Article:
In the food and drink industry cleanliness is undoubtedly one of the most important things to maintain at a high standard. Actions such as cleaning down surfaces both before and after food preparation as well as other things that should become second nature––such as wearing a hair net and washing hands before handling food––are frequently highlighted as crucial. These actions are undoubtedly vital and do help to prevent contamination. However, you can never be too careful. Sufficiently thorough hand hygiene is absolutely vital, and the stakes related to maintaining high standards of hand hygiene are huge.

Food cleanliness is often––quite literally––in the hands of the worker, meaning the person handling the food or ingredients. Therefore, food safety relies on trusting workers to maintain a rigorous hand hygiene regimen. If an employee returns to the production line or kitchen after visiting the restroom, they may think they washed their hands sufficiently and are fine to return to handling food. However, statistics and reports suggest we are not as responsible nor as thorough as we ought to be when it comes to hand hygiene. Although workers in food production and processing facilities are likely to maintain better hand hygiene due to the nature of their work than the average person, statistics and research on the standards of hand washing in the United Kingdom (UK) as a whole do paint a worrying picture.

A report released by Initial Washroom Hygiene to coincide with Global Handwashing Day in October found that one in four people admitted not washing their hands after visiting the restroom. Another study showed that over ten percent of people don’t wash their hands, and of those who do wash, 95 percent fail to do so properly because only two out of three of them actually use soap. Another disappointing report showed that on average, more than one in four Britons have fecal matter on their hands.[1]

The key to maintaining hand hygiene is to reaffirm the importance of washing ones hands properly but also to take further steps to not just encourage hand hygiene, but to enforce it.

This is where the benefits of products that enforce hand hygiene really come to the forefront. Products such as the Hygiene Handle––a dynamic and clever new product developed by Pure Hold––help to guarantee the implementation of sufficient hand hygiene. The Pure Hold Hygiene Handle helps to reduce the risks that would exist with relying on workers being able to consistently attain suitably clean hands.

The handles are a great way to use new technology to ensure a high level of cleanliness is consistently achieved in the factory.” says Ardo UK’s operations director.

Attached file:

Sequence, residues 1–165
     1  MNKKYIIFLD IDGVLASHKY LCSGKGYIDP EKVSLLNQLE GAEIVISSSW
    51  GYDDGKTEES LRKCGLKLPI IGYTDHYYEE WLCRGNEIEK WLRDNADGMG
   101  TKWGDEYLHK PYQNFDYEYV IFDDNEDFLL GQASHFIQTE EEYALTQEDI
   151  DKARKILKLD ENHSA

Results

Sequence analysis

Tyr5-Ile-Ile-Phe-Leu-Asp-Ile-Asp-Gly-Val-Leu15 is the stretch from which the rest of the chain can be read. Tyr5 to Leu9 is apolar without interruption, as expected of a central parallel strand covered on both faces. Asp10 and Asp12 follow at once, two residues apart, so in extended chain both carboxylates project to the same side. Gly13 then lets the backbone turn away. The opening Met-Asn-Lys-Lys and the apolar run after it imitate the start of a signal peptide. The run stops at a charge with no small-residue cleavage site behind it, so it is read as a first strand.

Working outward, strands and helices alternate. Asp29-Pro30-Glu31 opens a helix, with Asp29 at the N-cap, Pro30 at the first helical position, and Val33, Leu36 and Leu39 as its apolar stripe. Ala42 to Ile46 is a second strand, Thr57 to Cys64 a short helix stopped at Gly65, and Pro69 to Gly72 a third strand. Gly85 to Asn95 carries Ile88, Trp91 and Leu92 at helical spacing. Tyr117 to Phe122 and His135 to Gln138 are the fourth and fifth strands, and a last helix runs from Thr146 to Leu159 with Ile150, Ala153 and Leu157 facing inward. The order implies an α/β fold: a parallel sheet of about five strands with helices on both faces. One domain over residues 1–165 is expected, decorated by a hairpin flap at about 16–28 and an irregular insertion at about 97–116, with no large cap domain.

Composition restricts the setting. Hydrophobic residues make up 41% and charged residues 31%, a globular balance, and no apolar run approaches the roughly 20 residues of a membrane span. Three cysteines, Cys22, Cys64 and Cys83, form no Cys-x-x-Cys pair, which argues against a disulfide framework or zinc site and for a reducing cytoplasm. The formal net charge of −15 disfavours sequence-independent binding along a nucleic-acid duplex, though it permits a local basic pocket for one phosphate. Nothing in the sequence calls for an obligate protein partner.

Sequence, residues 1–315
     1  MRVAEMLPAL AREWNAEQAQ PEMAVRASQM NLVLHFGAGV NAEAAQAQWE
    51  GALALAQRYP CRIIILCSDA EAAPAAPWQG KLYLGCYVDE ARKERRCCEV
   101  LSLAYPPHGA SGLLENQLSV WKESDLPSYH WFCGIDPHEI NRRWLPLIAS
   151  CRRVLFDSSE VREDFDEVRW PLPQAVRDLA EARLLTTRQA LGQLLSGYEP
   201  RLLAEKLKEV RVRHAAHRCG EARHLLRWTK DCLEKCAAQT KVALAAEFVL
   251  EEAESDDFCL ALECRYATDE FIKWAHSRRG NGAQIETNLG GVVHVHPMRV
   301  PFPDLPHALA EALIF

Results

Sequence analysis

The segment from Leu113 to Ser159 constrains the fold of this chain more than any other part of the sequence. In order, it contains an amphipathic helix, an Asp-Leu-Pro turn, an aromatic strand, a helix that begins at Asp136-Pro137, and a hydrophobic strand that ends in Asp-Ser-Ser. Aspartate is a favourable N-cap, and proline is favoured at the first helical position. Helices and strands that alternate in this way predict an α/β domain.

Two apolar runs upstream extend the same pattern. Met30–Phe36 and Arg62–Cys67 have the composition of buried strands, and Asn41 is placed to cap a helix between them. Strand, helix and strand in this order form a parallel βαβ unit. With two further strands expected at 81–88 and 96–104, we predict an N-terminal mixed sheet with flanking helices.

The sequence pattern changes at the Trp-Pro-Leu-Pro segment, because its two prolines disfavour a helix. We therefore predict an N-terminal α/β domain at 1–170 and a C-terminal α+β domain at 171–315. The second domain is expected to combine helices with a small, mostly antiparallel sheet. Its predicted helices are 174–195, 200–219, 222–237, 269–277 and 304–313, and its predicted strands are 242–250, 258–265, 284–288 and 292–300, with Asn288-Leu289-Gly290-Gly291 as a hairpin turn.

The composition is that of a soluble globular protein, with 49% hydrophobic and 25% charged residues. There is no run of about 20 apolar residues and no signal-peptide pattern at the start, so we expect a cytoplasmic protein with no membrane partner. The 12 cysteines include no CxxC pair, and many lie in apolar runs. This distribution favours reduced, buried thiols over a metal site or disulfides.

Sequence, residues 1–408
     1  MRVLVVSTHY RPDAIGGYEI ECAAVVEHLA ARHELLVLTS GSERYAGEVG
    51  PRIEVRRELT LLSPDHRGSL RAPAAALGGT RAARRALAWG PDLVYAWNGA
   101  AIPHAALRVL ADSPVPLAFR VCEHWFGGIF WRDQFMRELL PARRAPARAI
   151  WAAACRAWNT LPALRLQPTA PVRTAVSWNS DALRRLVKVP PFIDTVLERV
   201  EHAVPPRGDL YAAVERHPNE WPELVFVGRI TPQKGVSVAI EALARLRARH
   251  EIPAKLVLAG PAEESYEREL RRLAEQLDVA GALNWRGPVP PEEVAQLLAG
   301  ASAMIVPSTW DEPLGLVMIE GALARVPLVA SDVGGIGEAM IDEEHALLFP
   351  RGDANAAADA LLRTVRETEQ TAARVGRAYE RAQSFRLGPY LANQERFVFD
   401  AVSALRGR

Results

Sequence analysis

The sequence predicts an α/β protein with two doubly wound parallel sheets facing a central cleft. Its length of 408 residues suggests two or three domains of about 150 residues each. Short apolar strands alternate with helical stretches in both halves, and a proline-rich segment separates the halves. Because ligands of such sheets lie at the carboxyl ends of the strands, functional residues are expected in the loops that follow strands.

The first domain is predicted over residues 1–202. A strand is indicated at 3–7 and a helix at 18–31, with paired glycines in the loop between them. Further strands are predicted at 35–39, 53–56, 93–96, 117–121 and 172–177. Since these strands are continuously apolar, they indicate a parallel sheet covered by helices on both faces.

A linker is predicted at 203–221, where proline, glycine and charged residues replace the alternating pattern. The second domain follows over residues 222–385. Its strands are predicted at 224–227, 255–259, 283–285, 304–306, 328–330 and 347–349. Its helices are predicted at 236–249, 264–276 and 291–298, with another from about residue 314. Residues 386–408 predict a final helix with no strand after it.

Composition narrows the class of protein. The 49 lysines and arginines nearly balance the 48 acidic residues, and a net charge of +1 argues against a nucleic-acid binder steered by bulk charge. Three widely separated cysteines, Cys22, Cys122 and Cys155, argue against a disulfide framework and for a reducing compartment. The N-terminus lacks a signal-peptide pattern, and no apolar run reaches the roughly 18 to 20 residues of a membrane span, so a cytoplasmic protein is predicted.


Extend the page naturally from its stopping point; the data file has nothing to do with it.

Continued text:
The Hygiene Handle is able to minimize the risk of contaminants entering food processing areas by ensuring that each person that enters food production areas has clean hands. It does this by applying sanitizing hand gel to the user’s hand as they open the area entry door. It complements existing hand hygiene procedures by ensuring that cross contamination at the point of entry is no longer an issue. It acts as a sort of final barrier to prevent contaminants entering processing or production areas.

This product is also able to provide a remedy to some of the more paradoxical elements of hand hygiene. For example, by enforcing compliance as users leave a bathroom, the risks associated with touching a contaminated door handle even after washing one’s hands become immaterial. The Pure Hold Hygiene Handle therefore provides a situation of compulsory and unavoidable hygiene compliance.

The maintenance of high levels of hand hygiene ensures that food handled does not become contaminated but also has further benefits. It is clear that a more hygienic personal practice by employees will result in fewer sick days. The economic benefits to a company or institution of lower levels of worker absence are clear. In the food processing and production industry––as with other industries across the UK and increasingly abroad––hygiene supervisors are identifying the tangible benefits of installing the Pure Hold Hygiene Handle. This is part of a wider trend which has seen an improved appreciation of the financial advantages of maintaining a healthier workforce.

The feedback from our employees has been positive and customer technologists have been impressed.” says Ardo UK’s technical director.

It is perhaps obvious that productivity will be lower with higher levels of employee absence. But research suggests figures that may be surprising. The Chartered Institute of Personnel and Development (CIPD) estimates that sickness-related absences cost 6.4 days or £666 per employee per year.[2] The Health and Safety Executive meanwhile reported in 2012 that 22.7 million days were lost due to work-related illness, costing society an estimated £8.4 billion. The same report found the financial cost to employers of workplace illness (and injury) in 2011 to be almost £3 billion.

Even if the majority of employees claim ostensibly that they maintain adequate levels of hand hygiene, these figures suggest an expensive state of affairs for employers. It is likely that many of these sick days are avoidable, with better hand hygiene and cleaner surfaces able to make a real difference. The Hygiene Handle assists with both such factors.

To learn more about Pure Hold’s Hygiene Handle, visit


1. Dr. Curtis, the director of the Hygiene Centre at the University of London in The Sunday Times, November 17, 2008 by Hannah Fletcher.